Wiesbaden (dpa) - On average, women in Germany also earned significantly less than men in the past year.

The income gap, also known as the gender pay gap, fell by one point to 18 percent compared to 2019, as the Federal Statistical Office reported on Tuesday.

Accordingly, women earned an average of EUR 18.62 gross per hour, EUR 4.16 less than men (EUR 22.78).

In 2019, the difference was 4.28 euros.

However, the Federal Office did not want to rule out special influences due to the widespread short-time work in the Corona year 2020.

According to the statistics office, the majority (71 percent) of the difference in earnings between men and women had structural reasons - for example, because women are more likely to work in poorly paid jobs and less often to reach management positions.

They also work part-time and mini-jobs more often.

But even with the same job and comparable qualifications, women still earn 6 percent less money than their male colleagues.

The statisticians speak here of the adjusted gender pay gap, for which, however, values ​​were only available for the year 2018.


In the east, the unadjusted value is also significantly lower at just 6 percent than in the west at 20 percent.

The European average was 15 percent difference in 2019.

Since 2008, the gap has been denounced on the International Day of Action for Equal Pay for Women and Men, the so-called Equal Pay Da.

The date describes the day of the year until which women would have to work arithmetically for free if the gap was converted into working hours.

“The date of the Equal Pay Day signals how fair women and men are paid in Germany,” says Uta Zech, President of the Business and Professional Women (BPW) association.

"The earlier the date is in the year, the fairer it is in our working world."

For 2021, the date has been moved four days forward to March 10 (Wednesday) because the wage gap had already narrowed last year.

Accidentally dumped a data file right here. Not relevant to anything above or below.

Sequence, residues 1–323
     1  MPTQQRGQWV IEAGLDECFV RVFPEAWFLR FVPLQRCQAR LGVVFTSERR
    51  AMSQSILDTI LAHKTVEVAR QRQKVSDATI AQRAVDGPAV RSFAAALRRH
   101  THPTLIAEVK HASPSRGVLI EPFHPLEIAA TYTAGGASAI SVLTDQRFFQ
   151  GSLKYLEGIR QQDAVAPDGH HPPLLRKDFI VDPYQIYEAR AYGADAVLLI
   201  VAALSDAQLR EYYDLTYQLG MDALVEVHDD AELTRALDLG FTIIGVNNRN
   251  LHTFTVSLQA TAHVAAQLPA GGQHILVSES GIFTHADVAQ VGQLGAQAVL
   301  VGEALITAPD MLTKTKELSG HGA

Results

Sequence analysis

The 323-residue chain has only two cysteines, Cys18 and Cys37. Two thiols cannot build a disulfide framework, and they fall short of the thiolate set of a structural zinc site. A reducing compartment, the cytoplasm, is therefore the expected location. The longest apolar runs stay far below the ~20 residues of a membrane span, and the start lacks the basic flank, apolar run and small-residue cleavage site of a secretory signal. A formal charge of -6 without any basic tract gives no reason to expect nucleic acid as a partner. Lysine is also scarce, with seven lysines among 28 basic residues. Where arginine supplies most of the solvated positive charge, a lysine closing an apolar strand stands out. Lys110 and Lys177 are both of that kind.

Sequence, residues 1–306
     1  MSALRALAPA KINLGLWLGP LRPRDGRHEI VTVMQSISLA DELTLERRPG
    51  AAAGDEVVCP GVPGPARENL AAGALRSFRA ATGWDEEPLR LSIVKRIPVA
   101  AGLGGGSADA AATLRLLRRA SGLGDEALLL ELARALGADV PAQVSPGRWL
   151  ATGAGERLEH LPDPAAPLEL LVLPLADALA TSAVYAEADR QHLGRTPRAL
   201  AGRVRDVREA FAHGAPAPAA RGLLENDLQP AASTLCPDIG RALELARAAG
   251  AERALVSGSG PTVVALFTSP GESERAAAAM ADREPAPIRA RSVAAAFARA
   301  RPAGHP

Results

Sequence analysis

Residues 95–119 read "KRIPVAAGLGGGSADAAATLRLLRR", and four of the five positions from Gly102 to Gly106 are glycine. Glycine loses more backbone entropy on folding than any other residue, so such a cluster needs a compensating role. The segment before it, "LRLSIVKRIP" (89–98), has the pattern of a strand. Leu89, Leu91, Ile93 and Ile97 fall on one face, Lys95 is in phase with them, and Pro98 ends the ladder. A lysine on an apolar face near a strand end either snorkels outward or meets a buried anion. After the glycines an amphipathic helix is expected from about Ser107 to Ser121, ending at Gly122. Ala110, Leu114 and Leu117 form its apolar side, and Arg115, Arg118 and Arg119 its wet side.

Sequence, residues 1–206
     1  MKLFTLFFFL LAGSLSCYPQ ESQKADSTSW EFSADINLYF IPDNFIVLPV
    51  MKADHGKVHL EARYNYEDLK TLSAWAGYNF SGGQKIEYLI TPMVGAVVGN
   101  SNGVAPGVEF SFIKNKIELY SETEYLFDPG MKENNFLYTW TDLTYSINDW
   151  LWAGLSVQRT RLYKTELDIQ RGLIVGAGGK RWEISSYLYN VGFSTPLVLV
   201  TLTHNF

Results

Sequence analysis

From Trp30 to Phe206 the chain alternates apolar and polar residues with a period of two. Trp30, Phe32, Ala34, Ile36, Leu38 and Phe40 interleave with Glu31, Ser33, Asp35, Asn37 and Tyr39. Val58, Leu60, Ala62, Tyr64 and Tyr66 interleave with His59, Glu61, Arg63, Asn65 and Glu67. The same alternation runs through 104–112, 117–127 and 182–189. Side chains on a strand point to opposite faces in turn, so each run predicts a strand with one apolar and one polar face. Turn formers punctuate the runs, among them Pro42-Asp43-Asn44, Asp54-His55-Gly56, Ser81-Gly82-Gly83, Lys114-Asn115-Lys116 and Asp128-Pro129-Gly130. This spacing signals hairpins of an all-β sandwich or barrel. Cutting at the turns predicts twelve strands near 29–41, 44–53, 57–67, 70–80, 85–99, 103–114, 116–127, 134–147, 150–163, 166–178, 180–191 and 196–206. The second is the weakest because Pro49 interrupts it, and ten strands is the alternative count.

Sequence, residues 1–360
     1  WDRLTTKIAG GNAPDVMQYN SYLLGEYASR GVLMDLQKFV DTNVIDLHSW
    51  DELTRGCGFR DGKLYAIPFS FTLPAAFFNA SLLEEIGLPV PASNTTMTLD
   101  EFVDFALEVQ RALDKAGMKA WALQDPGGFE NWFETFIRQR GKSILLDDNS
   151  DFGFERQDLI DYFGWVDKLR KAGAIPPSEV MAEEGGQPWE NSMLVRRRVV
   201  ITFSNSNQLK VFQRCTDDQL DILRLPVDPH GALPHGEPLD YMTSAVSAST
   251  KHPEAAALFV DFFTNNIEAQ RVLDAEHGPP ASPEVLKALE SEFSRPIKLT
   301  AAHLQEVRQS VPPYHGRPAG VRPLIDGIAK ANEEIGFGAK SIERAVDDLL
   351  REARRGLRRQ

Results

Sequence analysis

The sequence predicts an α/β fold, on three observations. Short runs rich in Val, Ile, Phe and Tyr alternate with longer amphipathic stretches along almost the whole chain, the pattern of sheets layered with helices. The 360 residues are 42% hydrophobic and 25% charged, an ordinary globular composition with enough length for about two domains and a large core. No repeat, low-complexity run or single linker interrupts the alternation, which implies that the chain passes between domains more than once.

A study by the employer-related Institute of the German Economy (IW) presented on Tuesday comes to the conclusion that the income differences between men and women are also based on the individual decisions of heterosexual couples.

For them, the traditional distribution of roles increases when children are born.

«Role models obviously outweigh economic interests.

Therefore, there can be no question of wage discrimination, ”explained the general manager Bertram Brossardt from the Association of Bavarian Business, which commissioned the study.

The compatibility of family and work remains a central adjustment screw for permanent employment biographies.

Brossardt also demanded better care offers and more flexible working time law.


The Federal Office pointed out that the short-time working widespread in the Corona period could have had an impact on gross earnings, but did not comment on the dimension.

In the past year, the average hourly earnings of women rose by 3.5 percent, more than that of men, by 2.3 percent.

The DGB vice chairwoman Elke Hannack assessed the decrease in the income gap to 18 percent as a corona effect.

The trade unionist in Berlin explained that short-time work had slowed down the development of incomes, especially for men.

"Therefore, the current figure of 18 percent cannot make us optimistic, but must challenge us to stay on the ball in matters of equal pay right now."

Hannack also asked for better childcare options.

At the same time, however, there is a need for legal regulations that oblige companies to regularly review their remuneration practices, and in general an upgrading of female-dominated jobs.

© dpa-infocom, dpa: 210309-99-749638 / 2


Communication Destatis

Equal Pay Day 2021

IW study on gender pay gap

Communication DGB